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Saturday, May 25, 2024

The Fight Over "Profound Autism"

The most basic questions trigger angry arguments. For instance, into what category do we put autism in the first place? In 2013, President Obama said that “we’re still unable to cure diseases like Alzheimer's or autism or fully reverse the effects of a stroke.” The language of “disease” and “cure” offends some in the autism community. “We don’t view autism as a disease to be cured and we don’t think we need fixing,” says Ari Ne’eman of the Autistic Self-Advocacy Network. “We do feel comfortable with the word disability because we understand what it means.” From this perspective, autism is difference that requires accommodation, not an illness that requires eradication. Adherents of this position liken autism to homosexuality, which psychiatrists once deemed to be a  disorder. Conversely, some parents take offense at opposition to a cure. “Anyone with the mental and verbal ability to challenge autism research is not autistic on a scale that I care to recognize,” writes autism parent James Terminello. “Opposition to finding a cure is particularly hurtful to parents who still mourn the loss of the child that could have been. A line has been crossed.”
Intolerance for the term “profound autism” is leaching into medical journals and doctors’ practices. Doctors who’ve devoted their careers to treating children who compulsively ravage their flesh and slam their skulls into the ground are now verbally castrated on social media and “canceled” from lectures so regularly that preserving their livelihood requires stifling crucial medical data. It’s become common for autism self-advocates to “shout down” researchers imparting medical data at conferences or to call the researchers out on social media for online hazing and threats by neurodiverse mobs.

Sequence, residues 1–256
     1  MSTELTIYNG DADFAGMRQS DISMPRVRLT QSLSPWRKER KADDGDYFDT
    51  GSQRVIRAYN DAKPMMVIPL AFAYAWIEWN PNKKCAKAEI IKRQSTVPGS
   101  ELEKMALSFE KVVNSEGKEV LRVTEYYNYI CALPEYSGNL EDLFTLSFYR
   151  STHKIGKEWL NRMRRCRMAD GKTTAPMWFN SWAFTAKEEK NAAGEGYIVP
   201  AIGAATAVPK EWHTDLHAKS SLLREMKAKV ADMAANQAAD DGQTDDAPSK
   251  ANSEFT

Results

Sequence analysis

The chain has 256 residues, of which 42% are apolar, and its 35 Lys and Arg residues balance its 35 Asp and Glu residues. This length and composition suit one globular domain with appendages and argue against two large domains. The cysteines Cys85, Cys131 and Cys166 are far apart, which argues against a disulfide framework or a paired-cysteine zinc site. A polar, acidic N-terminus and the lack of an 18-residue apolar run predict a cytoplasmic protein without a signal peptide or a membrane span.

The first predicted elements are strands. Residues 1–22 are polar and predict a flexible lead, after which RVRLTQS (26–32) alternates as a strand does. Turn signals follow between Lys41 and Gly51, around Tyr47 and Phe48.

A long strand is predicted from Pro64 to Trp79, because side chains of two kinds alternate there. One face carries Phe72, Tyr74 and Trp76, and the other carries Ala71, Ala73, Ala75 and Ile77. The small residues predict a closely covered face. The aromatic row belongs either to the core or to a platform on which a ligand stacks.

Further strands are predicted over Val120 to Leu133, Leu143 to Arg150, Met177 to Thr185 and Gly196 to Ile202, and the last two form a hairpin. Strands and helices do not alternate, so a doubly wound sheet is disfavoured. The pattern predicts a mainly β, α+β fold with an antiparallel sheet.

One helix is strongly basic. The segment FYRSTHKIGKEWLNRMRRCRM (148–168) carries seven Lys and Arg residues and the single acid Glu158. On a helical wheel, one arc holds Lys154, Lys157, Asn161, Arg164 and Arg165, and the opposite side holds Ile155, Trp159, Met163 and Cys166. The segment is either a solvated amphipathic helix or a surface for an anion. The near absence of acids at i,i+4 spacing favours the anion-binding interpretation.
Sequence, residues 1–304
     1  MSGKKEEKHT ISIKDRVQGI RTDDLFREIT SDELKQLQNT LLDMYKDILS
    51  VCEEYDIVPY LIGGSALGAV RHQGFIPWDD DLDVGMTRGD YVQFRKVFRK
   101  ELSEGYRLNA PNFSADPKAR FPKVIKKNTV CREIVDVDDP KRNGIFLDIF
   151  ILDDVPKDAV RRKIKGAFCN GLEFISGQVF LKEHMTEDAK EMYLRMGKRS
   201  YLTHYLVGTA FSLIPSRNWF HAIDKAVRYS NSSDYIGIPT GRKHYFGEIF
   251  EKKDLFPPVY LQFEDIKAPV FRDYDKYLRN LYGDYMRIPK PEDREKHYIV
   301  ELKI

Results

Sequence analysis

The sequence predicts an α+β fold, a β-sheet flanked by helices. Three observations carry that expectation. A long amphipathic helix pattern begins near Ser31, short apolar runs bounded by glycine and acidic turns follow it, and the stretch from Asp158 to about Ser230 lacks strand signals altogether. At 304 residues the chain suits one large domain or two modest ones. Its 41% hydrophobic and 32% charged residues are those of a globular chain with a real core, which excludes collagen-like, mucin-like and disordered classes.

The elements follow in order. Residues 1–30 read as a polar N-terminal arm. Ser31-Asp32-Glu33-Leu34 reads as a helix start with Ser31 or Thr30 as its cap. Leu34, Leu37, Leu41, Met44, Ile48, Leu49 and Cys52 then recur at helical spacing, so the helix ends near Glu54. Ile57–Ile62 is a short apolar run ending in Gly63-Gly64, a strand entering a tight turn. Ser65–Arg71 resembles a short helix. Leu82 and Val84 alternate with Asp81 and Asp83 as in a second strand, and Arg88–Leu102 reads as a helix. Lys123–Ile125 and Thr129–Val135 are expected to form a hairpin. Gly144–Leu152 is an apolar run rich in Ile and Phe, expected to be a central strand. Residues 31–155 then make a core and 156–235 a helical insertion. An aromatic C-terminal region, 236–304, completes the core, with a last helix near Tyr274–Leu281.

Today, both experienced and newer autism researchers contemplate leaving the field because, as one University of California scientist, David Amaral, observed, “People are getting reluctant to give public presentations or to be too vocal about what they’re finding,” despite the fact that “science is supposed to be about communication.” Top research institutions like the National Institutes of Health (NIH), tasked with conducting clinical trials to illuminate the disorder, face vitriolic accusations of being “ableist” and uncomprehending of the very people they are trying to help.

After the The Lancet’s commission recognized “profound autism” in 2021, the journal published an article by a doctor who wrote: “Generally, physicians think that disability is medical, and that if a patient’s condition interferes with their daily life, they are disabled. This traditional, medical model of disability does not address societal factors that influence disability, nor does it recognize disability as a cultural identity. Viewing disability as an issue stemming from an impaired body can encourage physicians to view disabled patients’ quality of life negatively . . . and to offer treatments aiming to fix the patient.”

This is absurd. I know of no person with profound autism who proudly identifies self-mutilating or violent impulses as core to their “cultural” identity. There is nothing bigoted about striving to ameliorate dangerous behaviors.